When taken as a whole, the numbers show we are on the right path. No amount of insanity from the right changes that.

—Nathan is a journalism major who lives in a reality only he dictates. It’s made up of gingerbread, frosting and mid-century modern furniture.

Nathan McMahon

I'm awesome

  • 1

You Might also Like


  1. Here’s one reason I don’t belive the numbers.

    From Jack Welch in the Wall Street Journal:

    “The unemployment data reported each month are gathered over a
    one-week period by census workers, by phone in 70% of the cases, and the rest
    through home visits. In sum, they try to contact 60,000 households, asking a
    list of questions and recording the responses.

    Some questions allow for unambiguous answers, but others less so. For instance, the range for part-time work falls between one hour and 34 hours a week. So, if an out-of-work accountant tells a census worker, “I got one baby-sitting job this week just to cover my kid’s bus fare, but I haven’t been able to find anything else,” that could be recorded as being employed part-time.

    The possibility of subjectivity creeping into the process is so pervasive that the BLS’s own “Handbook of Methods” has a full page explaining the limitations of its data, including how non-sampling errors get made, from “misinterpretation of the questions” to “errors made in the estimations of missing data.”

    “In August, the labor-force participation rate in the U.S. dropped to 63.5%, the lowest since September 1981. By definition, fewer people in the workforce leads to better unemployment numbers. That’s why the unemployment rate dropped to 8.1% in August from 8.3% in July. Meanwhile, we’re told in the BLS report that in the months of August and September, federal, state and local governments added 602,000 workers to their payrolls, the largest two-month increase in more than 20 years. And the BLS tells us that, overall, 873,000 workers were added in September, the largest
    one-month increase since 1983, during the booming Reagan recovery.”

  2. Bob Kellum Oct 9, 2012

    The proper gage of the unemployment situation is the U6.  No matter how hard you try to spin the number, the decline in the “published” number reflects the large number of folks who have dropped out of trying to find a job.  When you look at the U6, it is still steadily at 14.7% unemployment.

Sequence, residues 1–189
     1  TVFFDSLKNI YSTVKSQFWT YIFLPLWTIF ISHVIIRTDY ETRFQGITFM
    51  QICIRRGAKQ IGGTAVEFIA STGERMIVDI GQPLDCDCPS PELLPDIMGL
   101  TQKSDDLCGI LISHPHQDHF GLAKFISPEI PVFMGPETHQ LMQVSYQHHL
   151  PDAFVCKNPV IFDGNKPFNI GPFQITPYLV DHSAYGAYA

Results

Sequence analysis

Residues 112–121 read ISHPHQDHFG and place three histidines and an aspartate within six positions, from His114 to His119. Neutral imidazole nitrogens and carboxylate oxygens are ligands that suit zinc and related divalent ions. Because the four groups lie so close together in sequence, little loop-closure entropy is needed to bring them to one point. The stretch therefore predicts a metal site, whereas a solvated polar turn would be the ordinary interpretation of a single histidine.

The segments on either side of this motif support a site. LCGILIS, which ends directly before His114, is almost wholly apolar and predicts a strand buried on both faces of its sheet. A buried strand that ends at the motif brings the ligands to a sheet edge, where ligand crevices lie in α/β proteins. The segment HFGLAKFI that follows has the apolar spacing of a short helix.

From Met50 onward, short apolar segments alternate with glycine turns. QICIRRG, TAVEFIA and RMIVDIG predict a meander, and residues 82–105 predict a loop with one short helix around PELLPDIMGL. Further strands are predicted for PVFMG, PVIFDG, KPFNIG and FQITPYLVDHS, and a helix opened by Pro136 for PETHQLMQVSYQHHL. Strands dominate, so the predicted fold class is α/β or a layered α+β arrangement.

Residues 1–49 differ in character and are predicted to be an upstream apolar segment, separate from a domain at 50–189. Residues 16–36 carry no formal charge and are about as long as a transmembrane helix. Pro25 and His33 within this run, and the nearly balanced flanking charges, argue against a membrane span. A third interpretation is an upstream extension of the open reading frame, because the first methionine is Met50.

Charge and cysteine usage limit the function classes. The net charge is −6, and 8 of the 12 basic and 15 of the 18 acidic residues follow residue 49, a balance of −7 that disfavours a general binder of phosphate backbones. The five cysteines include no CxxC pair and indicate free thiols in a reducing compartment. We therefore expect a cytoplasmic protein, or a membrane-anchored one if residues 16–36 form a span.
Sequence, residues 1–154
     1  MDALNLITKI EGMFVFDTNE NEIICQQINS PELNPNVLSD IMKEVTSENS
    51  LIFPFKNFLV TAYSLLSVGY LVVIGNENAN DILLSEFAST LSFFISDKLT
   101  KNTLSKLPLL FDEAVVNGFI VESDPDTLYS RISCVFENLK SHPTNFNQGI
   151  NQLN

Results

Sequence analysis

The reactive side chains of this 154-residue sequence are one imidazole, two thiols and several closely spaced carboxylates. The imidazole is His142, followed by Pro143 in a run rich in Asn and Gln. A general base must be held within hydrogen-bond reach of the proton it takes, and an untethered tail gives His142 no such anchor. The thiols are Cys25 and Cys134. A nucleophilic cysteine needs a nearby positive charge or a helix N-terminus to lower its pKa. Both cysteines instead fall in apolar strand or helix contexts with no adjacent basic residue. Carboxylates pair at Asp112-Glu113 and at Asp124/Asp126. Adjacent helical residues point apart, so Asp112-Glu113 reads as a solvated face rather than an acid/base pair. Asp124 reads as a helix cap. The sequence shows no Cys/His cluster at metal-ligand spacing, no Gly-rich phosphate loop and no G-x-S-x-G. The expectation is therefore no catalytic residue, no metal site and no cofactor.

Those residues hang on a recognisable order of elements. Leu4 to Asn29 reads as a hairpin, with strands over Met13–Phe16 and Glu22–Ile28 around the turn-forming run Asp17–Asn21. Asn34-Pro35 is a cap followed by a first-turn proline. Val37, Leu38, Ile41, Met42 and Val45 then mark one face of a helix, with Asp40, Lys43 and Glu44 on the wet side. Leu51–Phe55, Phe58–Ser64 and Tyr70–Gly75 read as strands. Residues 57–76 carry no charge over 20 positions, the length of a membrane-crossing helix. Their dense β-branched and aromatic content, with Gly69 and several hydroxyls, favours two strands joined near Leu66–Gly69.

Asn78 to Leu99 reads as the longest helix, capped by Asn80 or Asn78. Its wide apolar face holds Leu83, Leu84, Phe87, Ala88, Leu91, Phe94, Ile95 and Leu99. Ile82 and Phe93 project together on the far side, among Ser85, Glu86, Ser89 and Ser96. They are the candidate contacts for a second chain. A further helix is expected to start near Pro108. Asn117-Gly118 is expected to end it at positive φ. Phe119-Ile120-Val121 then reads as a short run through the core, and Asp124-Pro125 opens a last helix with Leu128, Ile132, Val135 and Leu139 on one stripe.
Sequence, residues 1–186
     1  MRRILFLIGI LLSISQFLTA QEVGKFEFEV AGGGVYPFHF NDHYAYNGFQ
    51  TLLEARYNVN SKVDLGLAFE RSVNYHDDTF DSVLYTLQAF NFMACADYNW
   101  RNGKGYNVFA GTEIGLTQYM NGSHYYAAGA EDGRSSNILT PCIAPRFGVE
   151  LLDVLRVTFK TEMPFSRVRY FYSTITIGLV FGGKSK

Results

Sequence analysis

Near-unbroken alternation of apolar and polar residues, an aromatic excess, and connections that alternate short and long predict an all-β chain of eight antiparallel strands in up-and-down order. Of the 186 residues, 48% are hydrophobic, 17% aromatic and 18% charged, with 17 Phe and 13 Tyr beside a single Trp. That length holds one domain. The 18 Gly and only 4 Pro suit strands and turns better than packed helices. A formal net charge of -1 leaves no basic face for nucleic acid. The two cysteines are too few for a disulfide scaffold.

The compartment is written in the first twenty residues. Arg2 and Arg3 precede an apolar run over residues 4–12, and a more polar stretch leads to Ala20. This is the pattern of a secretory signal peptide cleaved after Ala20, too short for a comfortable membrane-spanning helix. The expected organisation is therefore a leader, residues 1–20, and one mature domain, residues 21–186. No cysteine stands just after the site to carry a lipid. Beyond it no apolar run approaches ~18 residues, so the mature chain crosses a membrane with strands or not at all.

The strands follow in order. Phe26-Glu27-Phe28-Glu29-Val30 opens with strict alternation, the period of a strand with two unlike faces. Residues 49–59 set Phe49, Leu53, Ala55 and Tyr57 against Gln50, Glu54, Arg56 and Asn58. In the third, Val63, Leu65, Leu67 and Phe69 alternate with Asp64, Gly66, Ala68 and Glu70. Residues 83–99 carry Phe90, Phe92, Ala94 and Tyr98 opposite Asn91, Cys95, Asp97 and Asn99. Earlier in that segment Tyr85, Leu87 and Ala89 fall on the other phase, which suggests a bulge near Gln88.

Simple math is not the problem here, proper interpretation of statistics appears to be your problem.

    Since your prose is filled with emotional observation, I can only assume that you are attempting to put forward a narrative, just like the Main Stream Media.  If you call “more people out of hope” a better result, then this is the number you are looking for!  Given the fact that it takes 200-300k of jobs created a month just to keep up with the numbers, the hundred or so created last month don’t even begin to keep up.

    If you really want the simple story, go to the BLS website and look up the U6.  That will help you get the proper perspective on the actual unemployment situation….  That is, unless you are not interested in the truth.

  3. When taken as a whole, the numbers show we are on the right path. No amount of insanity from the right changes that.

    I beg to differ:

    Unemployed and overlooked: Labor force rate of participation down drastically
    Since 2007, 4 million people have left the labor force, in many cases because they have given up looking for jobs. If these ‘discouraged jobseekers’ were counted in the jobless rate, August’s numbers would have been 10.5 percent.

Skip to content